In my opinion, if you have time to read and post on this site, you have time to read the paper, so if you don't read the paper it's not from lack of time. It's a choice, and we all make choices, and we can't choose everything, but I think it's important to recognize that it's us making the choices, and in many cases we are perfectly free to make other ones if we really want to. So don't make choices that have certain consequences and then complain about the fact that nobody else rearranged the world so that your choices would work out better than they did. That's not me lecturing -- that's common sense. Isn't it?
I did not notice anyone saying anything that warrants an apology to the town clerk. Nobody said the town or the town clerk did anything wrong. What I saw was suggestions that would make elections more noticeable to a very busy population.
Maybe to get an election board more actively advertise open positions and dates of elections would be nice.
I was not aware until I tried doing research that papers are not required to post election notices (but if they don't then I think people should write the papers to request they do so).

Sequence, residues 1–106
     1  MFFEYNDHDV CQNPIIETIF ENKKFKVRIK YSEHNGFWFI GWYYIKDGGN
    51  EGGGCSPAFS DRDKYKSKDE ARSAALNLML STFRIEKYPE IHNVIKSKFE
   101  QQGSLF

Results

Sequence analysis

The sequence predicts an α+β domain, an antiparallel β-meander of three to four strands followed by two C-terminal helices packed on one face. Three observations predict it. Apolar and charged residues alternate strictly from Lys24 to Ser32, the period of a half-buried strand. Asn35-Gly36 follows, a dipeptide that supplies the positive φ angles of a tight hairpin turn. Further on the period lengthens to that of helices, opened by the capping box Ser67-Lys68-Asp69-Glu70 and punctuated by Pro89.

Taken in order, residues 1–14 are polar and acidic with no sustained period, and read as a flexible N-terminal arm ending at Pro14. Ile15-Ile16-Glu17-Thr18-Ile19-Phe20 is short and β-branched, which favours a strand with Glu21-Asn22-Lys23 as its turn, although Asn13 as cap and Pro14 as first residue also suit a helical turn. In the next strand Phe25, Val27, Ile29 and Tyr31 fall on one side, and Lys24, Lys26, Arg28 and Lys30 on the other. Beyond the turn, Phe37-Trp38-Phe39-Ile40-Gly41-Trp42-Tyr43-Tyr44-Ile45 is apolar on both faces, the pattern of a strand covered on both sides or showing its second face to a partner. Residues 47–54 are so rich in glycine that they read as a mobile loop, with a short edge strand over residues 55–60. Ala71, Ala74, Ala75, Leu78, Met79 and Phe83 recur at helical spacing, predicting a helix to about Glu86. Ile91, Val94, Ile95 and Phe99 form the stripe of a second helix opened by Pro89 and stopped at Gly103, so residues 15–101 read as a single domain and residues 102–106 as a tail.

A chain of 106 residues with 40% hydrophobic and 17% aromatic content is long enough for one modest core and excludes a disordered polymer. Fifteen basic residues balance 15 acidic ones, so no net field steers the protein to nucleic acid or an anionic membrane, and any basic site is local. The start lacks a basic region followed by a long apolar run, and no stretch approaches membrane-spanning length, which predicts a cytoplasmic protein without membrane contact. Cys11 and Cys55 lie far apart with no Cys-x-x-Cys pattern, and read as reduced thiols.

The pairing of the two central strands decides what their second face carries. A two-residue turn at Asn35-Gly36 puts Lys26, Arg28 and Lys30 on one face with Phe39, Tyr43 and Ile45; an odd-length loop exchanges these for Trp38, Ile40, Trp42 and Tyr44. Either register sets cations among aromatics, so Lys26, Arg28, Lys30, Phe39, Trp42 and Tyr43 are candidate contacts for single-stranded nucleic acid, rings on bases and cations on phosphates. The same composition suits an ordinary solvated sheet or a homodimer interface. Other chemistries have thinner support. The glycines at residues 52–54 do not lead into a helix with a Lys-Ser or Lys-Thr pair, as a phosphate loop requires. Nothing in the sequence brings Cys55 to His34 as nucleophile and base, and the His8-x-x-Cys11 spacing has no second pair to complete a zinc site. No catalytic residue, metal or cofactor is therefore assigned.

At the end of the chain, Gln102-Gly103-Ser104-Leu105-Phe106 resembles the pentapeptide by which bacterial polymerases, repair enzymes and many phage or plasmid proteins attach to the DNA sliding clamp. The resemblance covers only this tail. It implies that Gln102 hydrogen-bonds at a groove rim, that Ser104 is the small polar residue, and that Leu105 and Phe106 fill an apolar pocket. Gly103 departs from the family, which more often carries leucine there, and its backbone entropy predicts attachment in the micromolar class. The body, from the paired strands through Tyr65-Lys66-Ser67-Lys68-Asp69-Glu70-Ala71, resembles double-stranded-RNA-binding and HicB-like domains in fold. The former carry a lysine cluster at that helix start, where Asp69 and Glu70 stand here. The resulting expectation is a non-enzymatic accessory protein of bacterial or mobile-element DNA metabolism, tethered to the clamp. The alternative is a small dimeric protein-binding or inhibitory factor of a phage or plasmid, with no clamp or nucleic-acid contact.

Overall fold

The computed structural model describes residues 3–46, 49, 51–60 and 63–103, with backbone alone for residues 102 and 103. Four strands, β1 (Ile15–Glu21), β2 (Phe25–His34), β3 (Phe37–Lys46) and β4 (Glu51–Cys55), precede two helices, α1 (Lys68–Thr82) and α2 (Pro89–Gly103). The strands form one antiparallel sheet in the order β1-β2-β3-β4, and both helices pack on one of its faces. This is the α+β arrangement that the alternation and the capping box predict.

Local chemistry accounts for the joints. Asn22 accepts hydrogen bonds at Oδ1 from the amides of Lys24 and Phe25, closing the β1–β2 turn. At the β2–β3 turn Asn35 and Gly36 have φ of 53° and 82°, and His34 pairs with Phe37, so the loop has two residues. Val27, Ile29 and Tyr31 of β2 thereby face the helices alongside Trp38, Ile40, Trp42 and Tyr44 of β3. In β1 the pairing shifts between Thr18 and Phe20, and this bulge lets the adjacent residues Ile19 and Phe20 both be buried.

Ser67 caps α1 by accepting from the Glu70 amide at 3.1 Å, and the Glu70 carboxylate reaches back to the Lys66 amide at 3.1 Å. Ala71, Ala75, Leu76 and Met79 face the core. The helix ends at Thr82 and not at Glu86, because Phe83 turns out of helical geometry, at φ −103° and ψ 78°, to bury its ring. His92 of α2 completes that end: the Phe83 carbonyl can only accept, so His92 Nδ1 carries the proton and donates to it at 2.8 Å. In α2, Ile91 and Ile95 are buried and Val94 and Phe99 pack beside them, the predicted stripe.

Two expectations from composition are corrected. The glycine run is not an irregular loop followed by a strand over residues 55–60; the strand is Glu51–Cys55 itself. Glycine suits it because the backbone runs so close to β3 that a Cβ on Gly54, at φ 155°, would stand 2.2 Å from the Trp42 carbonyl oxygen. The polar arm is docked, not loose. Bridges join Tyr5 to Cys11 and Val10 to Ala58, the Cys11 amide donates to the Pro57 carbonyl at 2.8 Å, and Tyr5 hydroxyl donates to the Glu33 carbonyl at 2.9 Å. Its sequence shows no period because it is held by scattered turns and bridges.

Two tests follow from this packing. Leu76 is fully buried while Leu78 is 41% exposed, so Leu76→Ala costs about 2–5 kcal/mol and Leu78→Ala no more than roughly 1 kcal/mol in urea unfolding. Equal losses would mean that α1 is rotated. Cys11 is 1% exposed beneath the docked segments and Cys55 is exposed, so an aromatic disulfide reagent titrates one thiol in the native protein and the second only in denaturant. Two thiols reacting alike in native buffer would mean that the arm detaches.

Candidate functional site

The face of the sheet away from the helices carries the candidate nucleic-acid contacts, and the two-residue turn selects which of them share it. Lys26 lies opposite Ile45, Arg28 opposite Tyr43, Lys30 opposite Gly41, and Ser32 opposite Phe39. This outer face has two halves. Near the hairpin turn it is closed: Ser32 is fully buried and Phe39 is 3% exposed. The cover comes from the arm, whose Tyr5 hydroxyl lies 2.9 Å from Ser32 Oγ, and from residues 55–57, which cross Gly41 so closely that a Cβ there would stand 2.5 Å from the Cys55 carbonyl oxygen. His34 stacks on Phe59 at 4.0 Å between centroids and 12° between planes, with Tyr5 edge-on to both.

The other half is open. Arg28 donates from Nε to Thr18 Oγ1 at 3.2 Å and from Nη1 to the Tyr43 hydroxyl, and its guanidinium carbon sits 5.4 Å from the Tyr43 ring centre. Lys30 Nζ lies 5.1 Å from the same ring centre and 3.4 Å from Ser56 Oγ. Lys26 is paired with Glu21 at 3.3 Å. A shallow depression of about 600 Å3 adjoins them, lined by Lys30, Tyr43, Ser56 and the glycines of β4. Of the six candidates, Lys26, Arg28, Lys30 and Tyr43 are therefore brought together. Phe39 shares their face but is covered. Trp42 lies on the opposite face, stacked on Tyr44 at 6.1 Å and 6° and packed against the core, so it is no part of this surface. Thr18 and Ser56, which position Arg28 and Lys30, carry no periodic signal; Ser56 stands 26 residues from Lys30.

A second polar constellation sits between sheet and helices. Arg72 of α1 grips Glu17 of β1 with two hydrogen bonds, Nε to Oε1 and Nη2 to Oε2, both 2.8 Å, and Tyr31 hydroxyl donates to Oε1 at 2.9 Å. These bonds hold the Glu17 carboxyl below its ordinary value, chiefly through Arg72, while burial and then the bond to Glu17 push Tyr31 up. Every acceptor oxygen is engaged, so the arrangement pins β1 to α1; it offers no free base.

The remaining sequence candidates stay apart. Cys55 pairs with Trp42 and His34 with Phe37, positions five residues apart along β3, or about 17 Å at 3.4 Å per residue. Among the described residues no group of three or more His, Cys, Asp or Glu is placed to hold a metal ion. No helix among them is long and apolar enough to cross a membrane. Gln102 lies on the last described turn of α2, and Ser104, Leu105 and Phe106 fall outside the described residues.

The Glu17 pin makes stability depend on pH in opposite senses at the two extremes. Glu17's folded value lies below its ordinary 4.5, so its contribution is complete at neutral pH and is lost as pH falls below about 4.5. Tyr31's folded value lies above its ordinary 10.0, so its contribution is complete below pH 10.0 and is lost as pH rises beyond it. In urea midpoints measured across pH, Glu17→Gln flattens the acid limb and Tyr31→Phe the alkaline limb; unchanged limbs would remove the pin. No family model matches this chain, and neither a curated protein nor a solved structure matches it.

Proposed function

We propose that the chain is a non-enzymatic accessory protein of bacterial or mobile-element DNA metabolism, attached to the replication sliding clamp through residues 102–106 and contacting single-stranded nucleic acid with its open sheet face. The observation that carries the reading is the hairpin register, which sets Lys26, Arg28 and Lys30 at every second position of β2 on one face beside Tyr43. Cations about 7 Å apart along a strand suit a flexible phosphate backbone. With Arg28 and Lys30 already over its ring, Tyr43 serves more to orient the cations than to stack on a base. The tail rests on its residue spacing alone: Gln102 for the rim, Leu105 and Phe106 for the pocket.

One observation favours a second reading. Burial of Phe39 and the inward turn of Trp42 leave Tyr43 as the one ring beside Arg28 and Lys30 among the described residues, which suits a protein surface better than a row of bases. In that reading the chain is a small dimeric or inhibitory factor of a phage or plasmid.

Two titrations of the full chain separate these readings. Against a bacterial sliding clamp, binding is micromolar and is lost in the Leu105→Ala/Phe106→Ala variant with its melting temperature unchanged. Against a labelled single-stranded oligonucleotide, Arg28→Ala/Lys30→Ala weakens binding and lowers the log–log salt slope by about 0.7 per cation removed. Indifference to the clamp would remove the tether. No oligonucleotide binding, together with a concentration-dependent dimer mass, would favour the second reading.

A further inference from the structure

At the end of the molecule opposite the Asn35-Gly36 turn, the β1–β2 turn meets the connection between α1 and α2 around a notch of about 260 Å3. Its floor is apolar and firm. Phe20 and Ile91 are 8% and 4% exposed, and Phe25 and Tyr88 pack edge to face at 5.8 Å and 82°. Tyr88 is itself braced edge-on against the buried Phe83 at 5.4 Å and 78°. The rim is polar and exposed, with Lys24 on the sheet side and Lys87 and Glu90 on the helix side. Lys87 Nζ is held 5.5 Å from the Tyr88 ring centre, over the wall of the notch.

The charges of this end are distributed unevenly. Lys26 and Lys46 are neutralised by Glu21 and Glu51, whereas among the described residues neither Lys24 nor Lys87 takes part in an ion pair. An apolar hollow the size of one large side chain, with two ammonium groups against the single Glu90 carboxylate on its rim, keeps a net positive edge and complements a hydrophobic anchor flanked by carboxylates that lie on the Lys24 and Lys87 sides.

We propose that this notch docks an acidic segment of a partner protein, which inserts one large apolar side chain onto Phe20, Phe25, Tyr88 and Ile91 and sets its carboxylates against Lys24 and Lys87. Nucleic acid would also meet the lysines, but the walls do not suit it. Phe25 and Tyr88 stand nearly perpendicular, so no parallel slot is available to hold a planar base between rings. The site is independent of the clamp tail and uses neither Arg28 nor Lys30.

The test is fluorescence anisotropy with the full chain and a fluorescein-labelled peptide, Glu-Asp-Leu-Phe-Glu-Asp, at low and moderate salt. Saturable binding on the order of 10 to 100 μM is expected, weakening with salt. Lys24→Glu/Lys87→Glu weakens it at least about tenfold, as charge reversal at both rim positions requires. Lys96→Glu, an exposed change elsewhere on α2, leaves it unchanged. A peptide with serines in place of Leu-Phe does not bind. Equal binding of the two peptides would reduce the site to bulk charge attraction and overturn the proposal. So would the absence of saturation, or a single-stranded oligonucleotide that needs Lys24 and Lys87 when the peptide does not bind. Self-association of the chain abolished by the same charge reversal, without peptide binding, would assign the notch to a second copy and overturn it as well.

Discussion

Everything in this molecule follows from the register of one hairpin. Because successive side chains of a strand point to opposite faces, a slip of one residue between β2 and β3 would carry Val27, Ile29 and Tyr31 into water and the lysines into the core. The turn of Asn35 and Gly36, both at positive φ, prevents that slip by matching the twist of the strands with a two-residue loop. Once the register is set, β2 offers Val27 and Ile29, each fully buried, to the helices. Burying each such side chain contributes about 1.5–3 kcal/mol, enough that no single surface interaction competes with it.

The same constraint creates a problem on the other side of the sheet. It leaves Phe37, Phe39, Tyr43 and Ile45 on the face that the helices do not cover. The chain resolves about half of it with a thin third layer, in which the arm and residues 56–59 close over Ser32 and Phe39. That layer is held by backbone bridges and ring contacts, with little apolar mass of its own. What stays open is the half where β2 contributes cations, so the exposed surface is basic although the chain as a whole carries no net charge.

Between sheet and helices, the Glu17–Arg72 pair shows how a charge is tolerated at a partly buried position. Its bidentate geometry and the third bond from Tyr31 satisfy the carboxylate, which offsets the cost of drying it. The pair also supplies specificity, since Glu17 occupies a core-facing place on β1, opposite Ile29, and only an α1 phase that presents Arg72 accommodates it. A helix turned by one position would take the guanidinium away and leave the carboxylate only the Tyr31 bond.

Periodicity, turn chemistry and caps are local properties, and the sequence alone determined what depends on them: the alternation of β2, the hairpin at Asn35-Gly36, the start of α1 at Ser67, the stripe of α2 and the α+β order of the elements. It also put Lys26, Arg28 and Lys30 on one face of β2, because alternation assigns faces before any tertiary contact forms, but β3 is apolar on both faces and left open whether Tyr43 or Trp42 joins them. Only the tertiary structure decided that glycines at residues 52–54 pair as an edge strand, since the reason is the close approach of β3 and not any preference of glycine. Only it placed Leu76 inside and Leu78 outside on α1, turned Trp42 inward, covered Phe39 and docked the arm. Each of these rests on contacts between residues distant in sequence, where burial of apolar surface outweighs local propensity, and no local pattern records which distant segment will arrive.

Town Hall and the post office are not the popular hang out places like in the olden days when election notice laws were orginially written.
"Even those of us who are too dumb to vote know that the town web site is montague.net. We also know it's poorly designed and has broken links and outdated information all over the place, so it's not really worth going to."
Even those of us who are too dumb to vote know that the town web site is montague.net. We also know it's poorly designed and has broken links and outdated information all over the place, so it's not really worth going to.
This seems to be a very popular thread, and I hope this discussion results in more Corkboard "posters" voting in the future. Here is what a phone call to Town Hall and a brief website look-up yielded:
* Municipal elections are always on the third Monday in May. Every year. Per the bylaws.
* The town website is www.montague-ma.org. To get to the election warrant you use the Elections link at the foot of the Home page -- where the election results will be posted when the Clerk has gotten acceptance from write-in candidates for open seats.
* Higher on the Home page is the notice about many Town Meeting seats being vacant -- it's been there a long time.
* The Town Calendar link on the Home page takes you to the highlighted election posting for 20 May. The NEWS menu on the right has had an election note for some time.
* Notices about this election were first posted in January, and stayed up till the day after the election.